Checkout this article for a fascinating look at the relationship between serotonin and oxytocin.
The smokers break model
Smoking is slowly being eliminated from modern society, which in my opinion is for the better. However, let’s try to consider how we could use the ‘smokers break model’ as a way to encourage movement and socialisation while pausing from the rush of everyday life.
So how do I loosen my hips?
Glad you finally asked! 😉 With a guided Pilates at home workout routine! The best way to make this new habit is to attach it to an old habit. Maybe you would normally get home, make dinner, eat dinner, put the kids to bed or sort the animals out and then settle down for the night by the TV.
Pilates at home habits!
One idea to build your new Pilates at home habit, is to stretch in the ad breaks. No ads beacuse of netflix? Then just drop down on the floor and stretch out those hip flexors whilst you’re watching!
Smart TV anyone? Why not stream our Pilates at home for beginners series right from youtube on your smart tv?
Another idea I have is to stretch just before bed, but after brushing your teeth. Attach the habit of stretching to the habit of brushing your teeth, you just can’t go to sleep without doing both!
Or you could consider taking ‘Pilates breaks’ throughout the day, here are a couple of our favourite office friendly exercises to get you started.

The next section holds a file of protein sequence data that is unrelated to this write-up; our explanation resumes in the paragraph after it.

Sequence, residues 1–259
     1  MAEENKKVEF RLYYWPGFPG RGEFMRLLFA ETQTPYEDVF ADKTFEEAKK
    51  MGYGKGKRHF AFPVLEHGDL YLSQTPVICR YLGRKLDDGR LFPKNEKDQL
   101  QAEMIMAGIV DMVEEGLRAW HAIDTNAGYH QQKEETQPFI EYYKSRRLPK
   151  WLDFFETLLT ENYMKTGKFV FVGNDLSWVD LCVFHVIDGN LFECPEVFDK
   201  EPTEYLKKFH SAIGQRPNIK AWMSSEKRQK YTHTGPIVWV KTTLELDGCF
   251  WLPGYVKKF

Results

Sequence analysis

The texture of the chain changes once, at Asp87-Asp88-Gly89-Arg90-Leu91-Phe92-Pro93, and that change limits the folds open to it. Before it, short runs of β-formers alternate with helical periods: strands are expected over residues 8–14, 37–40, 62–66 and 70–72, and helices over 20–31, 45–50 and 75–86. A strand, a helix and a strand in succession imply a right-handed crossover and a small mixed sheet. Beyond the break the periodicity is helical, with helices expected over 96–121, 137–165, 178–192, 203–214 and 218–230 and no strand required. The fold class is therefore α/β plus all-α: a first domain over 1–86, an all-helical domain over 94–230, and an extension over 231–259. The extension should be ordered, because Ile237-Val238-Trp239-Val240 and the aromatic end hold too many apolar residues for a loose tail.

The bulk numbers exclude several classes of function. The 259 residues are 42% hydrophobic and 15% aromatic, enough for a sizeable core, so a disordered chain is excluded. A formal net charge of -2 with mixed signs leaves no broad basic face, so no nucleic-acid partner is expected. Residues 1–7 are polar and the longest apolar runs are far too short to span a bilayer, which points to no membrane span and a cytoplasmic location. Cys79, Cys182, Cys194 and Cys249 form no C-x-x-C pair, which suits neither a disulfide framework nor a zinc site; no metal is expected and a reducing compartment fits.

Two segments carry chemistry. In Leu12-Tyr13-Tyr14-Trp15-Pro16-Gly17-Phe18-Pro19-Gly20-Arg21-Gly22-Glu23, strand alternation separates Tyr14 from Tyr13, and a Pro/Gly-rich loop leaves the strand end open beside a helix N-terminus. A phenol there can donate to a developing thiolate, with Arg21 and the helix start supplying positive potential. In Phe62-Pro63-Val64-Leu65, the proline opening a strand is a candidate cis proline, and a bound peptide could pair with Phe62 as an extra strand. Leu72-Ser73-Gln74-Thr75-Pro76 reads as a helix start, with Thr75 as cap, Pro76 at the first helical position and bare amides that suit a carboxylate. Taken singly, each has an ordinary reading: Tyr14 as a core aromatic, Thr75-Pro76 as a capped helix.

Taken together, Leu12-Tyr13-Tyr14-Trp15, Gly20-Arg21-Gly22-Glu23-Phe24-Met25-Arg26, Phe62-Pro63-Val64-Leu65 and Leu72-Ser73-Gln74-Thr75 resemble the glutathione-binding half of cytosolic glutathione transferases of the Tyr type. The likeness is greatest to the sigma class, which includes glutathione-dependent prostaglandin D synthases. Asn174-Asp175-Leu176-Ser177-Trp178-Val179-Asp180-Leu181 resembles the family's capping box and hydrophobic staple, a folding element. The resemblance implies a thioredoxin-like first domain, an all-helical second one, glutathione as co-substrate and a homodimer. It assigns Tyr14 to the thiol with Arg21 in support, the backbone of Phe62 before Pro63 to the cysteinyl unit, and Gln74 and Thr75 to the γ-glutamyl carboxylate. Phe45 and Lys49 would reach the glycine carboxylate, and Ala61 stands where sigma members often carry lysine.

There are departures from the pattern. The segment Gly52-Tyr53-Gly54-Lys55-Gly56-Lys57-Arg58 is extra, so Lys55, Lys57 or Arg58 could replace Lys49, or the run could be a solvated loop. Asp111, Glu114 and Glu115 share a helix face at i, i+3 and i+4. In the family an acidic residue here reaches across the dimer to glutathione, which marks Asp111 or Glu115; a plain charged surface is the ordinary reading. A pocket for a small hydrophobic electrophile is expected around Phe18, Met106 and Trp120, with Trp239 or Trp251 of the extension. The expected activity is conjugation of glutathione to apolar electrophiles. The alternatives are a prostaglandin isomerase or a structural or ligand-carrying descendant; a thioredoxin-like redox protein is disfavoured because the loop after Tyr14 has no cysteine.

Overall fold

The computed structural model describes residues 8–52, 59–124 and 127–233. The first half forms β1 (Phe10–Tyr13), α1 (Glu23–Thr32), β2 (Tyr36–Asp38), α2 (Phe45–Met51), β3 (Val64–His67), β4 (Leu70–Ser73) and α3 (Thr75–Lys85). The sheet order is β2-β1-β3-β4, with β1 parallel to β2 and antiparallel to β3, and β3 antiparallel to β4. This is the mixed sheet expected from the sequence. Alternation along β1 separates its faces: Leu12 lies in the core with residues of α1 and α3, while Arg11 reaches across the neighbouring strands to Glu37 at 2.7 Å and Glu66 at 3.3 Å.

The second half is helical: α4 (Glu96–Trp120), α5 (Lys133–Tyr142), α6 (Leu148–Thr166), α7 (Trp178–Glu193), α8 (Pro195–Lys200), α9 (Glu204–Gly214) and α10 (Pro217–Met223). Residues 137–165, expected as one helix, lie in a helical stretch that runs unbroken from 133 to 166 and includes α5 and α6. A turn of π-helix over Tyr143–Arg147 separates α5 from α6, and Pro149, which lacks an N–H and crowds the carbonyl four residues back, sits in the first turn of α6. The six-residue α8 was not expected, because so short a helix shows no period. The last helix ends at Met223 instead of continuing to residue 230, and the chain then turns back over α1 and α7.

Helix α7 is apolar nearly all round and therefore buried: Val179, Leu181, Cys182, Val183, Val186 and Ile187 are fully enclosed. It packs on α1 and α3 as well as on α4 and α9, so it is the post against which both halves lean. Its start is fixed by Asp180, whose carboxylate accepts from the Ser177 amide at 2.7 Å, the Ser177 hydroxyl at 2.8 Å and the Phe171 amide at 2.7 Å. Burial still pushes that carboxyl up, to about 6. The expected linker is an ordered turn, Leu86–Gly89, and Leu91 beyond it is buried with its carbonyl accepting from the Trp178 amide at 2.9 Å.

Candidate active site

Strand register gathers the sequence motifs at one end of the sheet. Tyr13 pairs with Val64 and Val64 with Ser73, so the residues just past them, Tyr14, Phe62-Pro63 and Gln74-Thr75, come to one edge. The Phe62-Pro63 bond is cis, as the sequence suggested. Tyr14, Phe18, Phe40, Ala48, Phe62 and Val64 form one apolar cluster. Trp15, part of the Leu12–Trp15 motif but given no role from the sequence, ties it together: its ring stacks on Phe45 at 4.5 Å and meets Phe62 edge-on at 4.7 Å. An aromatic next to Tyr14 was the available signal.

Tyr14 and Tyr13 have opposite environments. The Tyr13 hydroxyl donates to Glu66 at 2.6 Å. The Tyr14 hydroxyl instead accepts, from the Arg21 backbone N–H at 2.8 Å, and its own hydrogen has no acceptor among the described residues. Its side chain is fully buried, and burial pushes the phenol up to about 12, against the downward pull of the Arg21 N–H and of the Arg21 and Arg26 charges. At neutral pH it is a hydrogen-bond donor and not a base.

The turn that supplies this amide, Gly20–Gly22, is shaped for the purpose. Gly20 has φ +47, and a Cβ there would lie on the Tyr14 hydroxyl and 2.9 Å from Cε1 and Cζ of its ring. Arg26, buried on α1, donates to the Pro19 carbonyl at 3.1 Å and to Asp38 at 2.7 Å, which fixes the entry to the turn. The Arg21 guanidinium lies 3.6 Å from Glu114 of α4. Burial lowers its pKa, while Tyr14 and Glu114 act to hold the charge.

Hip Flexor stretch
Aim: To stretch and release tightness in your hip flexors from working in a seated position.
Tip: There are lots of different ways to stretch your hip flexors. You need to find the version that works best for your body!
Check out our Pilates at home – how to stretch your hip flexors video below!
Circle your neck, shoulders, ankles, and wrists often
Aim: To maintain mobility and encourage circulation.
Tip: You can easily do this when you are reading emails which don’t require your hands to be doing anything.
Rise up onto your toes and stretch arms above your head
Aim: To stretch out your whole spine, energising and revitalising your body.
Tip: You could make a game with a colleague who sits near by, to try and always stretch at the same time as one another, if you see the other person stretching, you have to jump up as quick as you can too. Now to practice balance, try to do it with your eyes closed and see how long you last!
Roll down into a downward dog
Aim: To mobilise and articulate the spine as well as send oxygenated blood to the head.
Tip: To turn this one into a routine, try out the video below and see how much of it you can memorise.